I was intrigued to see Paul Waugh describing Andy Burnham as a potential Labour leader in his blog this afternoon. Not least because a senior Labour figure had raised the prospect to me earlier in the day.
Except his endorsement was not exactly the most ringing:
“I can see a John Major type character emerging from the ranks in the ensuing pandemonium. Someone without any obvious leadership qualities, who no one has picked out beforehand.”
Ironically, being fingered this early on could actually count against – for example – the doe-eyed health secretary.
Meanwhile another former minister says, enigmatically: “It all depends what James Purnell does”. Purnell may want to take a less painful career path in the private sector. But he did show surprising mettle by resigning in protest at Gordon Brown’s leadership.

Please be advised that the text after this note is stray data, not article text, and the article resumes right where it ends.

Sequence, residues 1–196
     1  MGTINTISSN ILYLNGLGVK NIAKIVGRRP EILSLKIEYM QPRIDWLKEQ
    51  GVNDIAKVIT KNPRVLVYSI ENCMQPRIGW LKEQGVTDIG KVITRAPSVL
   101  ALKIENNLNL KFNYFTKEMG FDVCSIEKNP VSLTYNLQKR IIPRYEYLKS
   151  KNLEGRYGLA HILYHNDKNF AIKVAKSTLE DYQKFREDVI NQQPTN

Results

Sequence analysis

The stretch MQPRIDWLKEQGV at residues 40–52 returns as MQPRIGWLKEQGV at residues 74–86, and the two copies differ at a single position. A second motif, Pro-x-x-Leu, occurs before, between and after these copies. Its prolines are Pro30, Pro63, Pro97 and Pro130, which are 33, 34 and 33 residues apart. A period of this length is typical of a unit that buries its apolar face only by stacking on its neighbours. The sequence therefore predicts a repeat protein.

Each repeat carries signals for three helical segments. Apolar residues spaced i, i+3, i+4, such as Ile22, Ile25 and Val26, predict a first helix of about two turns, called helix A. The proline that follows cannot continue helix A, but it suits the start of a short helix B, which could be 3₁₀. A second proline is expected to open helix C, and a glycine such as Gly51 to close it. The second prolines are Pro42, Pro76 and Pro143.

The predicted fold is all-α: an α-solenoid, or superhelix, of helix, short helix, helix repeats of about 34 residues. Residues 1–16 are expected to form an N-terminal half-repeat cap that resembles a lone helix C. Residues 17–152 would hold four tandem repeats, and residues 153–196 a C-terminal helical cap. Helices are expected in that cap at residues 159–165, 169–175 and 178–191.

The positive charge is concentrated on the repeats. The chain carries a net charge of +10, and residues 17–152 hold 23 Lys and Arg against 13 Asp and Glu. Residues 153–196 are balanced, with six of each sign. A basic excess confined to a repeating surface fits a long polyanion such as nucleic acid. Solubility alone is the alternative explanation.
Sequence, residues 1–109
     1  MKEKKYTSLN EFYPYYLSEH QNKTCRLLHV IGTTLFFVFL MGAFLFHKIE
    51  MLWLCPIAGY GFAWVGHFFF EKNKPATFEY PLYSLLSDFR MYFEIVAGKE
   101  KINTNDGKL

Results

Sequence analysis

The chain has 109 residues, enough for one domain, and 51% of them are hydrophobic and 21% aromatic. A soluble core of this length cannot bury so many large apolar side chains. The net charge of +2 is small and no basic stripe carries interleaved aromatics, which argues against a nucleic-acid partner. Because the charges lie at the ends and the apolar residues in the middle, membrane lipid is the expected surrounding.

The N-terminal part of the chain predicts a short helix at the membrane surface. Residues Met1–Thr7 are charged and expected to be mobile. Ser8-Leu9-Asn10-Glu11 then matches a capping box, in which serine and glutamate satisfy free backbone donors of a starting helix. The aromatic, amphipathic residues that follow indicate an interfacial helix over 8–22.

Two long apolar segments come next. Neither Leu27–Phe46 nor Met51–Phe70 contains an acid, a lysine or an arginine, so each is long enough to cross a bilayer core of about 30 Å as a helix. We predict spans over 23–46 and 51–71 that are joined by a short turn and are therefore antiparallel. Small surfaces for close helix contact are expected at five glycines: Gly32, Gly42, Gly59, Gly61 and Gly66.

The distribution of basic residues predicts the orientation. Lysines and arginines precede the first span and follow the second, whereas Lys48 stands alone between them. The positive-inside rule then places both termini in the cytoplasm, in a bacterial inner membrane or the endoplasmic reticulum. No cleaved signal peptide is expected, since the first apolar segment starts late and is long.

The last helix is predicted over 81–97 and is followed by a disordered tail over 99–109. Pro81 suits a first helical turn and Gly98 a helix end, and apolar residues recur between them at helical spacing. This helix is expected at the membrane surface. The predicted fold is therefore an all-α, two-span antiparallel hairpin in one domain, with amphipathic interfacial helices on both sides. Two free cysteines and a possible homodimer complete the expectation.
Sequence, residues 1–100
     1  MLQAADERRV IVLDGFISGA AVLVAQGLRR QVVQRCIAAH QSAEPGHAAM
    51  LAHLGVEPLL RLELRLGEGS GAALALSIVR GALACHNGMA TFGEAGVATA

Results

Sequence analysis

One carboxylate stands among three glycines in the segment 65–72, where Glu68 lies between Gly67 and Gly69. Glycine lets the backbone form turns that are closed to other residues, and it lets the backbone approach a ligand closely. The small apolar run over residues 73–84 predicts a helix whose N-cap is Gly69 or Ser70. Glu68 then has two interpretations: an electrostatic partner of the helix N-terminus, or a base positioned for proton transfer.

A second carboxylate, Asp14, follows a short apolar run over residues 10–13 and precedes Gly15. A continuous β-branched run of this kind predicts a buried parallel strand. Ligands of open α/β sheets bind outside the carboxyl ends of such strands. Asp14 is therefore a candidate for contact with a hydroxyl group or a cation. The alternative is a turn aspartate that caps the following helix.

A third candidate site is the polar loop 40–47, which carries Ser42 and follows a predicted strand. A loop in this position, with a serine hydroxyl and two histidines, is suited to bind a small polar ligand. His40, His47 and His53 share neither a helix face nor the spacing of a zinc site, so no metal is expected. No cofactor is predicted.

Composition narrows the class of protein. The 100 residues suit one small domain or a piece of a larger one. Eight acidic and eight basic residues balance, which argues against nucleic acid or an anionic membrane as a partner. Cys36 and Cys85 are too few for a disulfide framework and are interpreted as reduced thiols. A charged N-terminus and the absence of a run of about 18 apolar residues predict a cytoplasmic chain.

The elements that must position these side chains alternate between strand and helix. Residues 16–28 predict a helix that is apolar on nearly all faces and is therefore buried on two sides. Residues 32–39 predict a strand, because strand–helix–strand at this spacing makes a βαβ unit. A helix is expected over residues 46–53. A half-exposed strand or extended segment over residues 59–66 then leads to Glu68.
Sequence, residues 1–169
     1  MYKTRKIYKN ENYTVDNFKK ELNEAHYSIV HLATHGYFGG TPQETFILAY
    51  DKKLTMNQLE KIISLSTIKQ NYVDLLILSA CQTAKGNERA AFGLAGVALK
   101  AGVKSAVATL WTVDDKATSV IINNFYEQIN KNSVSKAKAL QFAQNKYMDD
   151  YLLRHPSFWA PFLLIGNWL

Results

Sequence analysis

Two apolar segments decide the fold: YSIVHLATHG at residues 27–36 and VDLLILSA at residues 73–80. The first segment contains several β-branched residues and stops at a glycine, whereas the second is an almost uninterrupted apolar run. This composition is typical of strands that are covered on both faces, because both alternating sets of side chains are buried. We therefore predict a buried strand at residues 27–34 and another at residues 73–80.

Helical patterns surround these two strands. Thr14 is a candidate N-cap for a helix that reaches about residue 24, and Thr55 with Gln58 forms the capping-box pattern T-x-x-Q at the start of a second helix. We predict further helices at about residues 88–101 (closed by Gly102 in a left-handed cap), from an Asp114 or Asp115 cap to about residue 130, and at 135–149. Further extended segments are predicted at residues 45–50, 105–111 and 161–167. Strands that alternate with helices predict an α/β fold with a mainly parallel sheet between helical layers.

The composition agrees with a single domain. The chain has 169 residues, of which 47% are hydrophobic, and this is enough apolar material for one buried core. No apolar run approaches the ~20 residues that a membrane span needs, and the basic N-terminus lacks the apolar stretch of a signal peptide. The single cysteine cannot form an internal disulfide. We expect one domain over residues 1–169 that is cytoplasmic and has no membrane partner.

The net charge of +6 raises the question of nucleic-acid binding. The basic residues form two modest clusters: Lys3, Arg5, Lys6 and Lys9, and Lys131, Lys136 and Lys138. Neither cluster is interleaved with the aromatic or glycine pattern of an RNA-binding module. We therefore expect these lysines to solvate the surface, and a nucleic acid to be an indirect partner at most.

Of course, David Miliband has become the favourite in recent weeks, simply by choosing to reject the job of EU high rep (foreign secretary) to take the more difficult path of opposition domestic politics. But others think that the Brownite caucus will be able to transfer power from their boss to Ed Balls.
One Labour source tells me that Unite – where Charlie Whelan is political officer – will throw its weight behind Balls. He believes that Derek Simpson’s backing for Ed Miliband is simply a smokescreen.
One thing is clear. None of them have a clue how it will pan out in the bloody aftermath of an electoral defeat; that makes next June an exciting time for British politics.